Suddenly people were auctioning off their Ello invites for hundreds of dollars and the network itself was raising millions in VC funding. Whether it manages to ride that momentum into 2015 is, of course, another thing entirely.
When Yahoo bought Tumblr in early 2013, its fans were pretty sceptical. The introduction of ads, deemed necessary to help it turn a profit, was a particular bone of contention. If any users did leave, it didn’t seem to make the slightest dent. In fact, Tumblr is currently the fastest growing social platform on the planet.
After dominating the Chinese ecommerce space for years, Alibaba decided that 2014 would be the year it went public. It wasn’t long before people were pipping it be the biggest tech IPO of all time. And once that happened, it wasn’t long before people started comparing it with Facebook. As it turned out though, the Chinese ecommerce giant learned from Facebook’s mistakes. Its stock debuted at around US$94 and, after an initial few jitters, has experienced strong growth.
Wind the clock back to August 2012. Oculus, the company behind the Rift virtual reality headset, had only just started asking for pledges on Kickstarter. Fast forward to March 2014 and it had been bought out by Facebook for US$2-billion. That’s not a fast and successful exit, that’s the kind of Silicon Valley fairytale that inspires people to put down whatever it was they were doing and start coding.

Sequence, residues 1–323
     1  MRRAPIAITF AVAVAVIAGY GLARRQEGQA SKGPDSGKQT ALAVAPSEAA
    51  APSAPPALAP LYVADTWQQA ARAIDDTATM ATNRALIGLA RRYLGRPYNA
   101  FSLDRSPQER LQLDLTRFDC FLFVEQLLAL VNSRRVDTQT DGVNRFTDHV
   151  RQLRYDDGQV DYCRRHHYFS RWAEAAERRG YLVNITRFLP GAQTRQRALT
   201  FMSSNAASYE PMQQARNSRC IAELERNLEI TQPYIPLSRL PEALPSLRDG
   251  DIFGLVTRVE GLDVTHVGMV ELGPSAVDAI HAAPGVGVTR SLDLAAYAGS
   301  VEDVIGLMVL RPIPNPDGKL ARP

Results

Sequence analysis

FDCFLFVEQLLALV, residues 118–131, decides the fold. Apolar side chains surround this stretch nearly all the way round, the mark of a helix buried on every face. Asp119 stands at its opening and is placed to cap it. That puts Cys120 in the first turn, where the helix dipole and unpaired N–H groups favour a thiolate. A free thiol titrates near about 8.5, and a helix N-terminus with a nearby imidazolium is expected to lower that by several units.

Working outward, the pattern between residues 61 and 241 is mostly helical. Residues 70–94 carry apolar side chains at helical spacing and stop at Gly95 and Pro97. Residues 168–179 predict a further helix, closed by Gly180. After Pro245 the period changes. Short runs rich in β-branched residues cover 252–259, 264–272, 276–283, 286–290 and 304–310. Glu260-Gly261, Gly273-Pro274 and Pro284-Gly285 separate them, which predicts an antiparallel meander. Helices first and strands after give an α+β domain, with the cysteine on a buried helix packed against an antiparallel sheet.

New age media startups
As traditional media outlets continued to have a torrid time of things in 2014, the new media outlets disrupting both their and older new media models thrived. In August, Buzzfeed raised US$50-million from Andresseen Horowitz, giving it a US$850-million valuation. Vox Media — publisher of sites including The Verge and Polygon meanwhile — got another US$46.5-million funding round in late November, valuing it US$380-million.
WhatsApp embodies the dream of every embittered tech worker out there. Its founders aren’t flash Ivy League dropouts. Instead, they’re a couple of ex-Yahoo employees made immense sacrifices, worked incredibly hard and, with a bit of luck managed to build one of the largest mobile instant messaging services on the planet. Even better, it managed to do so with a relatively small team and without resorting to ads.
Facebook’s multi-billion dollar acquisition of the instant messaging app would earn it a place on this section of the list on its own. The fact that co-founder Jan Koum signed the deal outside the building where he used to collect welfare and that the product hasn’t undergone any bizarre Facebook-inspired changes since the acquisition ensure it.
The higher you rise, the farther there is for you to fall, just ask Samsung. Sure the Korean electronics giant still holds the number one spot in terms of smartphone marketshare but that doesn’t mean much when your profits are being squeezed by low-cost Chinese smartphones at one end and the latest iDevice at the other. Things aren’t expected to get better any time soon either.
In purely economic terms, 2014 was a very good year for on-demand private car service Uber. Its latest funding round, for instance, means that it’ll end the year worth more than US$40-billion. You can’t help wondering though how long people will allow it to shrug off shady tactics against rivals, digging up dirt on journalists and a general culture of “asshole” misogyny.